Phillips 66

Oil & Gas

Phillips 66 reported massive profits thanks to tight refining capacity, allowing the company to increase its dividends

Phillips 66 told analysts that even as new refinery capacity was increasing, a large portion was still being taking offline, supporting higher margins. “Jeff Dietert — Vice President, Investor Relations: Yeah. Doug, we have between 1.3 million and 1.5 million barrels a day of capacity growth per year in the ’22, ’23, ’24 time frame. Now that will be offset by about half as much capacity that’s announced rationalizations that will be coming out of the market, including our Rodeo Renewed that we’re converting to a renewable diesel facility. So there will be some capacity growth, but the market’s tight, as you know, from the cracks in the marketplace and the inventories today currently.”

Phillips 66 said that supply constraints were “supporting elevated refining margins,” leading to earnings over $3 billion.“Mark Lashier — President and Chief Operating Officer: We’re focused on reliably providing critical energy products, including transportation fuels to meet demand. We’ve maintained strong operations in successfully completing our spring turnaround activities early in the second quarter. Even with global refineries running near max capacities, gasoline and distillate inventories remain low, supporting elevated refining margins. In the second quarter, we had adjusted earnings of $3.3 billion or $6.77 per share.”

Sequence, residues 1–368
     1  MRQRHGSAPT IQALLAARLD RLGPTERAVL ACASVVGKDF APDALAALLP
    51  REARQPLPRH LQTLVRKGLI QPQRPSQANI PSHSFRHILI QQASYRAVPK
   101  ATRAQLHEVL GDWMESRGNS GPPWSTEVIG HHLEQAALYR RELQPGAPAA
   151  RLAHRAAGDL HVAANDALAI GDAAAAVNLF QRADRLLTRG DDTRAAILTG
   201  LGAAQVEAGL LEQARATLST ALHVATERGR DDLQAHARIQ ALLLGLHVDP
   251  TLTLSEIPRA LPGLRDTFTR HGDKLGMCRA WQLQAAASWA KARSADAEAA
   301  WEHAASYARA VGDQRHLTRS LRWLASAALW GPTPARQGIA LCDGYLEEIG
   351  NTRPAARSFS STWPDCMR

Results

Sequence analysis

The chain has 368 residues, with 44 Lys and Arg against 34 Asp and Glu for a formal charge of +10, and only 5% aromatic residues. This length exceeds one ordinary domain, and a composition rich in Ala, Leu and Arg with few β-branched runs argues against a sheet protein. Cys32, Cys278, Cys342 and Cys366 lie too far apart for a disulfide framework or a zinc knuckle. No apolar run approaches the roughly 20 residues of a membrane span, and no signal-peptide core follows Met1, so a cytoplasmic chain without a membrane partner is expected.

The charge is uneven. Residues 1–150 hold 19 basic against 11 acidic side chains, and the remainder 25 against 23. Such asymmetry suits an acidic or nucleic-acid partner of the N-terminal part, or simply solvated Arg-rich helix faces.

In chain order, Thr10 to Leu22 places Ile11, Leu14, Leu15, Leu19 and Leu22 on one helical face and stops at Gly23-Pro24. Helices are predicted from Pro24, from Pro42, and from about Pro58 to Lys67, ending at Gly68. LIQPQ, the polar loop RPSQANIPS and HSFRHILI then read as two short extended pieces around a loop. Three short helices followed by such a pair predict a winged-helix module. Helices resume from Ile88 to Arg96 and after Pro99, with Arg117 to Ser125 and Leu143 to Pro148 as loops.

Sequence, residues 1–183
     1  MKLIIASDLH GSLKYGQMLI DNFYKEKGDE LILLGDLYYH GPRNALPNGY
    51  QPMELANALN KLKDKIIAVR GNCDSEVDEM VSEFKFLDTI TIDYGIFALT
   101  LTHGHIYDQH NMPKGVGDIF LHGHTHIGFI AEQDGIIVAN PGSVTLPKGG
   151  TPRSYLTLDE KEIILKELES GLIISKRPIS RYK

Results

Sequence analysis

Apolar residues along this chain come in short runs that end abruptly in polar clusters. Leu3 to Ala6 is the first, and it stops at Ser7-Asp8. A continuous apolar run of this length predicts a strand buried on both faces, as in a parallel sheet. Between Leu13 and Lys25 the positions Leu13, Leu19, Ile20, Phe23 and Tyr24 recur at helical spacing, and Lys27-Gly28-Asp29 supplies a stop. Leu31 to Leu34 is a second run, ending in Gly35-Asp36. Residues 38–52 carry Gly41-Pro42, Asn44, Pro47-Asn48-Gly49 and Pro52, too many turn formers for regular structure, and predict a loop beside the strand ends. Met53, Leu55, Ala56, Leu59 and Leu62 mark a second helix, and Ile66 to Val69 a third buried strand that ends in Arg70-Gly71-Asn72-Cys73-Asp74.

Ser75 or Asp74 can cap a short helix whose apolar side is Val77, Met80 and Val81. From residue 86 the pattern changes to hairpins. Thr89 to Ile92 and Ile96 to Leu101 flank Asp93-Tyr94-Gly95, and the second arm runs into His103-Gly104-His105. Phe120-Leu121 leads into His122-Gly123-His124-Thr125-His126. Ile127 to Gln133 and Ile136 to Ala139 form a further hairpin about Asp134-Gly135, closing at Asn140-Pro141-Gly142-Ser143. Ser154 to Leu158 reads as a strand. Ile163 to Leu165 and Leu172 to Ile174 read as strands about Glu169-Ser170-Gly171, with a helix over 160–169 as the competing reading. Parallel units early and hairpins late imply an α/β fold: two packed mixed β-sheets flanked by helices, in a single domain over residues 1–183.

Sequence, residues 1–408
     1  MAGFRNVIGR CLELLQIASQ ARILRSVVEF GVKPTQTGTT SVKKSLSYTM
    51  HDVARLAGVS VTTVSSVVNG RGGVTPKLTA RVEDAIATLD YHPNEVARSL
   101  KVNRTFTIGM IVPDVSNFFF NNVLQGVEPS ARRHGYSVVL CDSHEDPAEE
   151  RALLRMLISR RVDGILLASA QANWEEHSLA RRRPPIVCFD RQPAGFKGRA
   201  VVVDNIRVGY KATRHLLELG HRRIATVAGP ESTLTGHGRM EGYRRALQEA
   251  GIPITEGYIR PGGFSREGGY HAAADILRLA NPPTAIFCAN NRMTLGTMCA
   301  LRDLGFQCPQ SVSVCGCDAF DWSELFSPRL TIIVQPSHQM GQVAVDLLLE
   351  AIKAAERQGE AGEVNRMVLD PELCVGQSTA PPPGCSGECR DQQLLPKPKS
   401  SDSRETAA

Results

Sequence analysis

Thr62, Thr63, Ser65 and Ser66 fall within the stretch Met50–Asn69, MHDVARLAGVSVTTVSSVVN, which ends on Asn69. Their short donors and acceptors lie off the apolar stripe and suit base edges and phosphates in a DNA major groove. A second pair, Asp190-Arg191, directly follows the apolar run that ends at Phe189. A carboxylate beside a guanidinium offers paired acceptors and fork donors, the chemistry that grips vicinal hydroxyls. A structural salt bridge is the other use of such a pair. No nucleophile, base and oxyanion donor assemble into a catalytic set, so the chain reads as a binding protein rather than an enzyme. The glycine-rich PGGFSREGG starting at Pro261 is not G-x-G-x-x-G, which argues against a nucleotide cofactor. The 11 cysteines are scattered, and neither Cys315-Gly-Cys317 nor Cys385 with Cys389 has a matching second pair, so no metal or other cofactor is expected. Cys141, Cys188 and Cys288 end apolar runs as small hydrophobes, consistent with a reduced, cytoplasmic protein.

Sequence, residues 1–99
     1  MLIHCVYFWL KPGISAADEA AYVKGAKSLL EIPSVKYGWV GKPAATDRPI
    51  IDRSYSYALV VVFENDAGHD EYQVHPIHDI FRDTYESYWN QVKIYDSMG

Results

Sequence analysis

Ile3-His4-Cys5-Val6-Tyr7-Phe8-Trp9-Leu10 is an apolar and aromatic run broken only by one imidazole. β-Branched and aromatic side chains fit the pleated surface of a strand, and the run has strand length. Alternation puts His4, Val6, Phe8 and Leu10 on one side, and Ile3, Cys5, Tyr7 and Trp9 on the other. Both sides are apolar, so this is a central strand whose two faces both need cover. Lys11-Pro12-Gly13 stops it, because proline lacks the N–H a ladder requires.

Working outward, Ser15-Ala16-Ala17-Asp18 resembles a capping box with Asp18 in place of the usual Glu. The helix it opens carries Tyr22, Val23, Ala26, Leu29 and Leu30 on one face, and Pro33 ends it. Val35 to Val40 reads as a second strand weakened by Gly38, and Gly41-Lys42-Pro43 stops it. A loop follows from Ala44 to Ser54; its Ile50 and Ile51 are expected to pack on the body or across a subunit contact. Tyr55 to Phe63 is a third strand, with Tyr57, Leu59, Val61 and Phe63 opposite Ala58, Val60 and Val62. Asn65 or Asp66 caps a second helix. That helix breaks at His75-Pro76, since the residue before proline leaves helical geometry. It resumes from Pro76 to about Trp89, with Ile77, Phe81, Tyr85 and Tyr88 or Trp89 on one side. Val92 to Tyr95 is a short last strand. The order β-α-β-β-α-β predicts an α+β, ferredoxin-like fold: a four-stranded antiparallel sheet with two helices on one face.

A Phillips 66 executive said their refining income was $3.1 billion, “up from $140 million in the first quarter” and “Realized margins increased by 168% to $28.31 per barrel.” “Kevin Mitchell — Executive Vice President and Chief Financial Officer: The $11 million improvement in Other mainly reflects lower employee-related expenses and higher capitalized interest related to growth projects. During the second quarter, we received $216 million in cash distributions from CPChem. Turning to refining on Slide 8. refining’s second quarter adjusted pre-tax income was $3.1 billion, up from $140 million in the first quarter. The improvement was primarily due to higher realized margins across all regions. Realized margins increased by 168% to $28.31 per barrel. Pretax turnaround costs were $223 million, up from $102 million in the prior quarter. Crude utilization was 90% in the second quarter and clean product yield was 83%. (Phillips 66 (PSX) Q2 2022 Earnings Call, 7/29/2022)Phillips 66 increased their dividend by 5%, over 11 times from its inception in 2012.“Mark Lashier — President and Chief Operating Officer: In May, we raised our dividend 5% to $0.97 per share. We’ve increased the dividend 11x since our inception in 2012, resulting in an 18% compound annual growth rate. Our strategy remains consistent, supported by a strong foundation of operating excellence and a high-performing organization. We’re focused on strategic return-enhancing growth investments in midstream, chemicals and emerging energy while selectively investing to increase returns in refining and marketing and specialties.” (Phillips 66 (PSX) Q2 2022 Earnings Call, 7/29/2022)